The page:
The director known as blackANDwhite gives a rare and revealing glimpse into the mind and working habits of David Lynch. Sometimes funny, sometimes bizarre but always entertaining, the film is as experimental and abstract as the filmmaker it covers.
For those who are disappointed never to really get a sense of how Lynch works from the limited extras in his DVD releases, Lynch goes beyond the trademark chain smoking and weird hairdo to show an outgoing, pleasant human being with an insatiable creative drive and a love for Bastille Day. (It will make sense when you see it.)
Shot in black & white and color in different formats over two years, the main thread of the film is Lynch’s preparation and filming of Inland Empire. blackANDwhite is there when Lynch announces the project to his devoted davidlynch.com members, through filming as he guides Laura Dern, whose look of excitement and attentiveness while listening to Lynch makes you think she’d go to the ends of the earth for her director.
Some of the best scenes are Lynch just siting at his desk telling stories. There’s a series of tales about his time living in Philadelphia, the day as a kid when he came across a dead, bloated cow and tried to puncture it with his pick ax and his dreams (I’ll let you imagine what David Lynch dreams about). There’s also a great sequence where he oohs and ahs over the photos he’s taken in dingy Polish factories.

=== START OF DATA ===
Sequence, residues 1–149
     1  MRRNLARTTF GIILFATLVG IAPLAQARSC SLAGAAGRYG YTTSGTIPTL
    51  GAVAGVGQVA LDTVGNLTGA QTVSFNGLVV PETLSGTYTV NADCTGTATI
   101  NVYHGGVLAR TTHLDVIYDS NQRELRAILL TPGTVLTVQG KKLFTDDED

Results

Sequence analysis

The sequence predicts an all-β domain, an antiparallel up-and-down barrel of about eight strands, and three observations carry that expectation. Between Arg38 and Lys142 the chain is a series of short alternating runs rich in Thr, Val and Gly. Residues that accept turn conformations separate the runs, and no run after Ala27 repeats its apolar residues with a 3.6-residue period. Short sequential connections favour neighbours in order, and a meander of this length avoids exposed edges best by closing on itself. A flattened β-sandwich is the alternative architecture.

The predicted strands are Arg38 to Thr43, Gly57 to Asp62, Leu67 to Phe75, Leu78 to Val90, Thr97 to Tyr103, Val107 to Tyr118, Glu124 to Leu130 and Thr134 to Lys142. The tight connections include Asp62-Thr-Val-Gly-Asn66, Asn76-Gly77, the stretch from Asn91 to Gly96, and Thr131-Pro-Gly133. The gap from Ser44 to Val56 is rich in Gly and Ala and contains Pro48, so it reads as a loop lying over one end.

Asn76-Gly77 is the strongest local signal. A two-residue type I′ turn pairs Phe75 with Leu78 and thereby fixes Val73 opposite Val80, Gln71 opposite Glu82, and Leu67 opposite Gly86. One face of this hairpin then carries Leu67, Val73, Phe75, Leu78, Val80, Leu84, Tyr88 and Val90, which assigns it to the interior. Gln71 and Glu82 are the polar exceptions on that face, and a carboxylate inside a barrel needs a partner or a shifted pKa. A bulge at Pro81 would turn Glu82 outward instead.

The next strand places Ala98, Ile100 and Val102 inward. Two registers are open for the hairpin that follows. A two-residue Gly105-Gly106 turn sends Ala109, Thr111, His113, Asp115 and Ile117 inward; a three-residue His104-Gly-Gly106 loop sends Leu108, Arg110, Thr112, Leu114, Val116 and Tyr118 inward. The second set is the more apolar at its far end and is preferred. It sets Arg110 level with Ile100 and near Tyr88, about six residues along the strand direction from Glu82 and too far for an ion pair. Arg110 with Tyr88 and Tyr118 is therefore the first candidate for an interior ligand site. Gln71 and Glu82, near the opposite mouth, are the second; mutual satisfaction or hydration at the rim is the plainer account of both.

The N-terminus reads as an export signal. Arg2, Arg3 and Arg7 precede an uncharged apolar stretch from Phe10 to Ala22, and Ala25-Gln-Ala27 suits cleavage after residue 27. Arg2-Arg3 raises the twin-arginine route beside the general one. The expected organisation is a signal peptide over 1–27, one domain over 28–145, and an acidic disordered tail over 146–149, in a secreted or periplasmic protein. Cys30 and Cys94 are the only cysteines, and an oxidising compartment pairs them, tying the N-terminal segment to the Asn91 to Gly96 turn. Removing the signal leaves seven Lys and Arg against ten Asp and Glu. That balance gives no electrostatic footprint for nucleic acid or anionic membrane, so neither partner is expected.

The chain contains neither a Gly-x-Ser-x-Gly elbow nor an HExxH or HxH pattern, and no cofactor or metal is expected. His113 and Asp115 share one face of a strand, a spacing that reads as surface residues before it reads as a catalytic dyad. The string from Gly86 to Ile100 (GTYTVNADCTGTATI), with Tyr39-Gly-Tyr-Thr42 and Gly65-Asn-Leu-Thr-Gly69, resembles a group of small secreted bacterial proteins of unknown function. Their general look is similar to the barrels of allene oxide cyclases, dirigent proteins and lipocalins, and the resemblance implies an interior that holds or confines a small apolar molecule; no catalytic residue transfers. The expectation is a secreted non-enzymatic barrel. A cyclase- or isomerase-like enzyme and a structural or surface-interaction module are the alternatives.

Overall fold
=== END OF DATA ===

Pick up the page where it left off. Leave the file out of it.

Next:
But like Lynch’s films it’s the weird details that stick out for me in the doc. The most memorable is when blackANDwhite films Lynch recording the sound of an old record player. With a cigarette dangling out of the side of his mouth, the ash as long as what he has left of the cigarette, Lynch demands silence, and when he gets it begins turning the hand crank on the side of the player. A grinding sound comes out and after 15-20 seconds blackANDwhite cuts to a shot inside a moving train, a recurring image in the film, but when we’ve seen the shot previously there wasn’t any sound, now he uses the grinding sound to substitute that of a moving train.
A beautiful transition that would make the film’s subject proud.
Lynch is currently on sale through Absurda (a.k.a. davidlynch.com for $15.91).